I am pleased to announce that British politicians are showing strong support for those non-Italian lecturers known as “lettori” still suffering discrimination based on nationality in most of Italy’s universities.
The British Foreign Office issued this statement, “Europe Minister Chris Bryant has agreed to meet with the “lettori” this month. He is sympathetic to their concerns and will be raising the issue with his Italian counterpart.”
The meeting between ALLSI (Association of Foreign Lecturers in Italy) will take place on 1 February 2010 at 10.30 in London.
We have also secured the support of Shadow Foreign Secretary William Hague.
Following recent meetings with the government in London and the European Commission in Brussel I feel that the year 2010 may well be a breakthrough for our campaign and for equal treatment and fairness in the European Union. For almost 30 years we have been up against the persistent refusal of the Italian university authorities to pay foreign lecturers on the same scale as Italian lecturers, to recognise continuity of employment and to hold fair competitions for full academic post – all of which have been found to be in breach of European law and are, without doubt, the clearest mass systematic breaches of the EU Treaty. If you scour the websites of British Universities you will find scores of Italians teaching in British universities. I know of not one single complaint from one single Italian citizen claiming he/she is being discriminated against because of his/her passport. Yet in a sample 255 non-Italians working in 18 universities shows that 83% are still not receiving equal treatment under the European Treaty, despite a record 7 judgments of the European Court of Justice. We thank all of the British politicians who are supporting us – it’s not about right and left, it’s about right and wrong.
The campaign received a major boost from Shadow Foreign Secretary Mr. William Hague who said “Where British citizens have been denied the rights they are entitled to because an EU Member State has failed to implement EU law properly the British Government should raise the matter with the relevant Government. The Government needs to address the situation of British lecturers in Italy. The principle of non-discrimination on grounds of nationality is crucial to the Single Market. All EU Member States have a duty to uphold it.”
Mr Peter Kilfoyle MP who has promised to support our campaign in the House of Commons said “This disgraceful denial of the rights of British academics in Italy must end. For too long, British governments of left and right have failed to stand up for these British citizens working abroad. I call upon the Foreign Secretary to make a firm commitment on this and end this injustice once and for all.”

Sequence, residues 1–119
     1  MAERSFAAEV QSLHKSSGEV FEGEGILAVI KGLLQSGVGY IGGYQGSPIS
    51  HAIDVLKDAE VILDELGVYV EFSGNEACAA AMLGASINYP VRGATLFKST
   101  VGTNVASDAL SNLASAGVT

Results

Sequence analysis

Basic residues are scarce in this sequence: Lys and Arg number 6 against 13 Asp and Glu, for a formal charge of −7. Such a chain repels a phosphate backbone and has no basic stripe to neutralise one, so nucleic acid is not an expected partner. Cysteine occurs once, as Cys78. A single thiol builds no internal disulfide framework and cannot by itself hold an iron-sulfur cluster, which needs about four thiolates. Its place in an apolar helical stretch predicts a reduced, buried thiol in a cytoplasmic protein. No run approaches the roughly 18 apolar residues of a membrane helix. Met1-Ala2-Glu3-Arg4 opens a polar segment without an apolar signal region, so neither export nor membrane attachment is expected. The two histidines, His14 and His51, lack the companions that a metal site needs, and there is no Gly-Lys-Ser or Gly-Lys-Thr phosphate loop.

Italian lawyer, Professor Lorenzo Picotti who has represented the lecturers in the European Court of Justice and in hundreds of cases in Italy, said “Each EU member state must ensure that decisions of the European Court of Justice are respected and effectively implemented. This is an essential principle not only for the lecturers working – or who have worked – for years in the Italian universities and have had to fight again and again against discrimination. The future development of the European Union, after the coming into force of the new Treaty of Lisbon, is at stake here.”
Hundreds of non-Italian lecturers working in Italian universities known as “lettori” have been denied parity of treatment with their Italian counterparts for three decades. Employed under an Italian decree law of 1980 they have been seeking parity of treatment under EU single market rules, with regard to salary scales, pensions and social security rights and access to jobs. The European Court of Justice (ECJ) has ruled on lettori cases a record of seven times (see http://www.allsi.org/allsi_about.html )
Italy abrogated its offending 1980 decree in 1995 replacing it with a law which the lecturers alleged downgraded them to the status of technicians. The ECJ ruled in 2001 that this 1995 Italian law failed to guarantee the non-Italian citizens equal treatment and that Italy, the Court ruled, had therefore failed to uphold its Treaty obligations. Italy brought in further legislation in 2004.
This 2004 legislation resulted in a call from the ECJs Portuguese Advocate General, Poiares Maduro to fine Italy €309,750 per day until the discrimination ceased. The ECJ in a judgment of 18 July 2006 declined to do so saying that it had not been demonstrated that Italy’s infringement had continued up until the date in which the Court examined the facts. The ECJ ruled further that the 2004 legislation did provide a legal framework for paying the lecturers arrears in wages and regularizing their social security and pension rights.
However, the lecturers met officials of the European Commission in Brussels on 11 November 2009 and Foreign Office officials in London on 8 December 2009 and deposited a dossier showing that in a sample of 255 lettori in 18 Italian universities 83% were still clearly being denied their rights as interpreted by the ECJ.
David Petrie, ALLSI chair www.allsi.org